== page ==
High-value utilization of biomass waste: from garbage floating on the ocean to high-performance rechargeable Zn–MnO2 batteries with superior safety†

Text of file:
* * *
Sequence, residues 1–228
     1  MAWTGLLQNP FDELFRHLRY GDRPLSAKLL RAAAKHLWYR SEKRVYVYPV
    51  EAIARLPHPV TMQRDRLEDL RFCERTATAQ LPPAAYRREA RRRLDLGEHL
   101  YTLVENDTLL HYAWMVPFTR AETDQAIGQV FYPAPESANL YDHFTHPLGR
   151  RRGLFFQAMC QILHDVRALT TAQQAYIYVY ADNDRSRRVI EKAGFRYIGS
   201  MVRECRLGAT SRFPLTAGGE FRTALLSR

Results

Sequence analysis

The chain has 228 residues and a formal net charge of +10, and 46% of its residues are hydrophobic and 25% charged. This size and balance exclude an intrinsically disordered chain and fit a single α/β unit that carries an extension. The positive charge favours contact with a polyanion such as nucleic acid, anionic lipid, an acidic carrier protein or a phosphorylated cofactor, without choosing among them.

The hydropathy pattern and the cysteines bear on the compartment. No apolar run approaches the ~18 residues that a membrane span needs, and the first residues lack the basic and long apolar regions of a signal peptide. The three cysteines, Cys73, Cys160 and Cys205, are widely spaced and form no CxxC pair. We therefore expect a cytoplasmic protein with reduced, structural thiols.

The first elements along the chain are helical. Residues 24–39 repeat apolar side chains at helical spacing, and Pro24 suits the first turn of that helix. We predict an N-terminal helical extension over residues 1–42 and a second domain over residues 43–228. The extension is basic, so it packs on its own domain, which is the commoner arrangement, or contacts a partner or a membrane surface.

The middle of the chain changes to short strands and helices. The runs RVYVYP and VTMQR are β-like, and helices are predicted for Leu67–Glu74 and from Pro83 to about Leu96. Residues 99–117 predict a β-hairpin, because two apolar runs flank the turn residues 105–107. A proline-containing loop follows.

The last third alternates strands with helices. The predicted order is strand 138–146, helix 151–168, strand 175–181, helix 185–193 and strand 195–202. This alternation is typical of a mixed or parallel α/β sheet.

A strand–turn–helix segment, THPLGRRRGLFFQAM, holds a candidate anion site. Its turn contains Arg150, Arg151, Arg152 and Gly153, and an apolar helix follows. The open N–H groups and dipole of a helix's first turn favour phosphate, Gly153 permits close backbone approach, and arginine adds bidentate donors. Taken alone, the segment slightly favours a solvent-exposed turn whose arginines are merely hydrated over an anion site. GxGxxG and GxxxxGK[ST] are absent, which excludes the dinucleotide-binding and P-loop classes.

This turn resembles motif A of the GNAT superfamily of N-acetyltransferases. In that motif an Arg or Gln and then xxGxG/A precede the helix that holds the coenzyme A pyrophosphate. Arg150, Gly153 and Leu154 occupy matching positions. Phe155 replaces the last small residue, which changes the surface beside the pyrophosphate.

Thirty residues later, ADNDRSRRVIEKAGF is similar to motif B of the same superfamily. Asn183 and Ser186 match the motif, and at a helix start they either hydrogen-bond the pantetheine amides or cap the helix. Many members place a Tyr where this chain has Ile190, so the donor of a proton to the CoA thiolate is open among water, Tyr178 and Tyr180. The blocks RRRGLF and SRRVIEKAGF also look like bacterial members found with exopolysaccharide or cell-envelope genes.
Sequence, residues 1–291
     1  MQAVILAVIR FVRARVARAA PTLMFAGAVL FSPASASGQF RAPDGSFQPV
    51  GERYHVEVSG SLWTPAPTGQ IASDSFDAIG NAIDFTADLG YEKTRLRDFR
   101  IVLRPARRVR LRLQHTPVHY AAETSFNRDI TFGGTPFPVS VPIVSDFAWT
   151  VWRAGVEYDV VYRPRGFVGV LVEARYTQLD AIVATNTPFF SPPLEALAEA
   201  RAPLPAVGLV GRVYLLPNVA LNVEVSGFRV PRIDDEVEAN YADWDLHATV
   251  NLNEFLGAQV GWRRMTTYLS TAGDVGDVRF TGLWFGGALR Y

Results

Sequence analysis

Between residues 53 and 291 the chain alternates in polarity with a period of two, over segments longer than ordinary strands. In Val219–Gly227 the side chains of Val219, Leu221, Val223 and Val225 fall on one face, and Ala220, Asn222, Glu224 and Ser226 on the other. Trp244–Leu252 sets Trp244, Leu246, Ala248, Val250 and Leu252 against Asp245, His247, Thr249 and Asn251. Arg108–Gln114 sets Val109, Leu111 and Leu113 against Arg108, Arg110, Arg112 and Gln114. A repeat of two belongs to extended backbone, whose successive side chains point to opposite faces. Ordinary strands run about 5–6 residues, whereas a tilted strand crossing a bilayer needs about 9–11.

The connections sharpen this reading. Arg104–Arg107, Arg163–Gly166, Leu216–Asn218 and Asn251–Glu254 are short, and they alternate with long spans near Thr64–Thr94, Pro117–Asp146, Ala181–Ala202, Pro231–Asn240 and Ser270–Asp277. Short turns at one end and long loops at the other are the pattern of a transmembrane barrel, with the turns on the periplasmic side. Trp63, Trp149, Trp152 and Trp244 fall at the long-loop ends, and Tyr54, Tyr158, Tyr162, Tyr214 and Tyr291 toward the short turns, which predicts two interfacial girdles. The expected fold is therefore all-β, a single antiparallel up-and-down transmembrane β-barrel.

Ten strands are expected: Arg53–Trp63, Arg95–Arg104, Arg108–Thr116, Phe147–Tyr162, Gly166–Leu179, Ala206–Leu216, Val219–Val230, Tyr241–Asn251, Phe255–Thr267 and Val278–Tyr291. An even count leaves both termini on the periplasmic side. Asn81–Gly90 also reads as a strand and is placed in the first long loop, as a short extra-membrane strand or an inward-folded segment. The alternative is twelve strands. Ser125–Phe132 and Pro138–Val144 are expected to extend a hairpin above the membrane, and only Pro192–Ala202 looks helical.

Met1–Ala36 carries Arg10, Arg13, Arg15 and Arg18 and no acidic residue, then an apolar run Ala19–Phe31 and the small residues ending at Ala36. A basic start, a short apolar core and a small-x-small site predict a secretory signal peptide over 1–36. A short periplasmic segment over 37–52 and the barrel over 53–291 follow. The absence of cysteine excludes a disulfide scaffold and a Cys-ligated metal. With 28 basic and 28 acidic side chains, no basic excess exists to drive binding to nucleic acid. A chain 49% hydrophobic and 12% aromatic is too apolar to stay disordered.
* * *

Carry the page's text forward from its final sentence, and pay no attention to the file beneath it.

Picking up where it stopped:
In recent years, the huge consumption of energy and the increasing environmental awareness have triggered the need for new types of devices for the collection and storage of green and renewable energy. Owing to the natural abundance, low cost and renewability, biomass-waste-derived energy storage materials offer a great opportunity to address both energy and environmental issues. Herein, we demonstrate for the first time an effective approach to fabricate a high-performance rechargeable Zn–MnO2 battery directly from biomass garbage (reed straw) floating on the ocean. The obtained three-dimensional (3D) electrodes exhibit a honeycomb-like cellular structure with multi-level open channels. This unique architecture not only enables a high mass loading of MnO2 (51.0 mg cm−3), but also provides low-resistance pathways favorable for electrolyte diffusion and ion transport. The resulting battery achieves a remarkable capacity (369.73 mA h g−1 at a low MnO2 loading of 4.9 mg cm−3 and 306.7 mA h g−1 at a MnO2 loading of 51.0 mg cm−3), good rate capability and outstanding cycling stability (retention of 95.2% of the initial capacity after 3000 cycles), which are superior to those of most batteries of this type. When using a gel as the electrolyte, the as-fabricated quasi-solid-state battery possesses an admirable energy density of 20.5 mW h cm−3 (420.1 W h kg−1, based on the mass of MnO2, or 131.5 W h kg−1 based on the total mass of the battery). Impressively, the battery can be safely used in a wide temperature range (−20 to 100 °C) and under a variety of extreme conditions, such as puncturing, bending, hammering, cutting and cropping. This battery is further integrated with a flexible solar cell for a self-sustaining power bar, which is capable of harvesting green and sustainable energy from the surrounding environment and successfully powers wearable electronics. Unlike most of the previous reports on zinc ion batteries, which attempted to improve the electrochemical properties by using more effective active materials, the present study achieves outstanding performance mainly due to the unique structures of the electrodes derived from the biomass waste. Obviously, this method appears to be much simpler and lower in cost, thus having high potential for scale-up manufacturing.